The following has been contributed by a worker in the Arab World.
I’ve written about defining success before, but I come now with some fresh perspective from an amazing little book entitled, “The Choice.”
There are two options in terms of setting goals to accomplish outcomes: (1) setting goals towards you-centered outcomes, or (2) setting goals towards Kingdom-centered outcomes. But let’s not stop there. We can operate in the Spirit or we can operate from our flesh. Therefore, there are additionally two ways we can pursue those outcomes: (1) you-centered to achieve a given outcome, or (2) Christ-centered to produce an outcome. Let us ensure we are in a Christ-centered pursuit of Kingdom outcomes. Both our ways and our means should be Him-oriented.
A wise older friend in the OPEN Network says that people don’t do what you expect, they do what you inspect. Another way to think about this is that we measure what we value. Therefore, your people will know what you value by what you measure. When we think about this, it could feel daunting. What are you measuring? Is it for Christ-centered goals or your own, and is it toward Kingdom-outcomes or your own?
Gary Hoag, R. Scott Rodin, and Wesley K. Willmer wrote “The Choice” to help us think through exactly these things. They lay out a helpful framework here:
You can see the beautiful contrast between chasing Kingdom outcomes in a Christ-centered way and taking the path far more often traveled. If you find yourself production-driven and expansion-focused, beware! Rather than striving for these things Jesus tells us in Matthew 6:33 to seek His Kingdom and His righteousness and production and expansion will be given to you as well (assuming they are part of the “all” that He meant :P).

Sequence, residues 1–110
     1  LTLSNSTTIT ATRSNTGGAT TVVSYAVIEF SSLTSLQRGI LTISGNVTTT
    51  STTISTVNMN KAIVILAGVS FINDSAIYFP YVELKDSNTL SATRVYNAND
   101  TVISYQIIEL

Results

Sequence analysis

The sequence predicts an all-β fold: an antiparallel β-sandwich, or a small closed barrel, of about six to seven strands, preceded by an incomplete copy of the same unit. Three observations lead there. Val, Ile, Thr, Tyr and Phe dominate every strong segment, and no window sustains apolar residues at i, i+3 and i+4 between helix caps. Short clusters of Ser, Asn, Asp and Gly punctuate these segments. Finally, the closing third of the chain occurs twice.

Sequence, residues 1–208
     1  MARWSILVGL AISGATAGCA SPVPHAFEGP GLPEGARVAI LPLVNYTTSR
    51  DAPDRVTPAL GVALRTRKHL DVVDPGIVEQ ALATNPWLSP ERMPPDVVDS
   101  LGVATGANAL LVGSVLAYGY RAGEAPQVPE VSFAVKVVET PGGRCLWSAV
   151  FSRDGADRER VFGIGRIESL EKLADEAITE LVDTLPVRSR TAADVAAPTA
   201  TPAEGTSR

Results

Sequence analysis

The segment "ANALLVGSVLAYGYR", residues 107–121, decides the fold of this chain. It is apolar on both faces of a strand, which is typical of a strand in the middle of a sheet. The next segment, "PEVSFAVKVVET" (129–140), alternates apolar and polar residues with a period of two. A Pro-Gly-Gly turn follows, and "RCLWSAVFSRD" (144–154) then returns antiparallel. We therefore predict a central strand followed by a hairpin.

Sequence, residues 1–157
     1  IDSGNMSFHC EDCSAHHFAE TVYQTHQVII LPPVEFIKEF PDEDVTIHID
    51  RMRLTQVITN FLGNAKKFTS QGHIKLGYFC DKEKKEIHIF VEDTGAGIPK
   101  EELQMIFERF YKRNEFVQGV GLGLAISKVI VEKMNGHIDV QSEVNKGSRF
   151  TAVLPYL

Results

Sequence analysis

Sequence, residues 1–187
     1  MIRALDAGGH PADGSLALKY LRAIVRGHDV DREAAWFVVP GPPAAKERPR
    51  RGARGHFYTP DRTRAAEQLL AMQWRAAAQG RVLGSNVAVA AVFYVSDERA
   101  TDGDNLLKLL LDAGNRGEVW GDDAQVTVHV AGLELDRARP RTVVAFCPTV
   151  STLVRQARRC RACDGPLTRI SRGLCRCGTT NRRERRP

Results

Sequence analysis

When we define success in terms of numbers, we are in danger of using earthly-oriented metrics. After all, Jesus said that the gate is narrow that leads to life and few will find it (Matthew 7:14). We should be focused on finding those few rather than chasing after the many.
In a similar vane of thinking, when we count success as achieving the results we desired we are in danger of managing people unbiblically. Jesus managed people relationally, the way He ran His shop was in a relationship-oriented way rather than a task-oriented way.
Lastly, to take a utilitarian view of resources is to view money too importantly. Rather than faithfully using what we have, with a scarcity mindset we hoard and create worldly-based strategies to maximize our cash flow or our savings. We need to realize that we serve an infinite God of infinite resources and thus carry a mindset of abundance rather than of scarcity. Our goal is then to steward His resources His way.
I hope this injects some fresh thinking into your own internal debates about how to set goals and achieve outcomes. As we listen to Him, we will inevitably do things differently than those around us. Let’s take the path less traveled.